15514 1 “April 6th. Reported by Mr. Graves, M.L.A., that Ned Kelly was seen near Melbourne”?— Now, on that date, I met a magistrate from my district, and in conversation relative to the Kellys, as every one was talking of them at the time, he said that it was well known they were up in the district, in fact they travelled about, and he said further, “You will be surprised to hear that, within the last two hours, I met Ned Kelly in Melbourne.” I said, “Nonsense.”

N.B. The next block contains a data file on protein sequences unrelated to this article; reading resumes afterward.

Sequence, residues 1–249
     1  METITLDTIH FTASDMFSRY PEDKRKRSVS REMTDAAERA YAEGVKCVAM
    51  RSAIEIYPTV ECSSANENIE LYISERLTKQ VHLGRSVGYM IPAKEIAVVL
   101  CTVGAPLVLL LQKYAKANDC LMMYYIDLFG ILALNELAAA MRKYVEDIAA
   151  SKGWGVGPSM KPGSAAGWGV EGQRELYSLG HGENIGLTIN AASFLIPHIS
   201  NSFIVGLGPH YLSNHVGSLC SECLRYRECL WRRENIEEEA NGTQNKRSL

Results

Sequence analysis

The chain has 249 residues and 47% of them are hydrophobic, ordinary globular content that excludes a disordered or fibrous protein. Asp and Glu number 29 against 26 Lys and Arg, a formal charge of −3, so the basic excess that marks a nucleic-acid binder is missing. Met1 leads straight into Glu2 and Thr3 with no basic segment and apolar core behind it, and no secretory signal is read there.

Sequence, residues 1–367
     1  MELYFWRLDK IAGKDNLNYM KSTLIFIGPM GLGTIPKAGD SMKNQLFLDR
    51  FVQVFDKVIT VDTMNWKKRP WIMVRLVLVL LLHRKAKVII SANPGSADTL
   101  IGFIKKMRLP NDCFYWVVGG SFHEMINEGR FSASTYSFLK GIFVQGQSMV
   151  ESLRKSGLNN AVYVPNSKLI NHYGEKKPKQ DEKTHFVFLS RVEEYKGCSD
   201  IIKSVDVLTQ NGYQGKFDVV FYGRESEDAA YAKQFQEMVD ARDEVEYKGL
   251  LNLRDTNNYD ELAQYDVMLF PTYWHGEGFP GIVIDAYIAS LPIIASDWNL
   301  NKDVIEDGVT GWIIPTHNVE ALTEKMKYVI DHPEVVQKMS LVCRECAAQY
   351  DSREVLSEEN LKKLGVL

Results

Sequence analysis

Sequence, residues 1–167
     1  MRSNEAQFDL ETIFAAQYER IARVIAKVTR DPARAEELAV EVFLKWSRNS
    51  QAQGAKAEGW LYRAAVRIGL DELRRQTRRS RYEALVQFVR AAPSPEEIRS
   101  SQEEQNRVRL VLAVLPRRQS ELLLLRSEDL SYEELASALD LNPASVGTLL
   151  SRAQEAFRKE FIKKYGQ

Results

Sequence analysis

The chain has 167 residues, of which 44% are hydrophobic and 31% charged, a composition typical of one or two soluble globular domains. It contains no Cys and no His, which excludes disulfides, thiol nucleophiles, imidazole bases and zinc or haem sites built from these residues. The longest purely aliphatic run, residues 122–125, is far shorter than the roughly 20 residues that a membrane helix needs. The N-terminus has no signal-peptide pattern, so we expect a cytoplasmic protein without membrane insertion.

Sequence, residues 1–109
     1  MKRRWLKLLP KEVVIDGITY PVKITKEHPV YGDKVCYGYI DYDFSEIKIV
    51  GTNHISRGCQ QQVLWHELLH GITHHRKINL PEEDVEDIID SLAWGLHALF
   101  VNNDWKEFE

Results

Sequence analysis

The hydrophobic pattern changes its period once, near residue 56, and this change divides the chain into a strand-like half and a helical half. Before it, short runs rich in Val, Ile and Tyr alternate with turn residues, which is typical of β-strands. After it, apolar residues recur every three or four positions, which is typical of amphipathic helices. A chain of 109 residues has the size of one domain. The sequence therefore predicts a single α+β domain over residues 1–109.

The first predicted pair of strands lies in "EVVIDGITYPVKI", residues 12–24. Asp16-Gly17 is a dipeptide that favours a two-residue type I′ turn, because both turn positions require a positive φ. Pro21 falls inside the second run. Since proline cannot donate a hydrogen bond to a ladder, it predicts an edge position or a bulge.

15515 Was he a person you could rely upon?— Most thoroughly; but of course a man may be mistaken. I said, “ Surely it can be no such thing; he could not be in town.” And he said, “I am quite sure I met him. He had on a short jumper, and his pockets seemed full of apples or something, and the moment he recognized me he jumped into a cab, and there was no policeman near.” He showed me the place where he saw him, and I said, “Can you be mistaken?” And he said he knew Kelly since he was a boy, and was not likely to mistake him, and that anyone who saw Ned Kelly once could not mistake him; that you could tell him because he shrugged his shoulders like his two uncles. That magistrate can be called. I have no objection to give his name to the Commission. And this magistrate in Strathbogie informed me that the Kellys were in the habit of staying at a certain hut there, and that he had sent the police notice that they were likely to be there on a certain date, and that he had no reason to doubt the accuracy of his information, and that the police were not sent. I am telling you who I got the information from, to show why I form certain conclusions; and this magistrate also can be summoned.....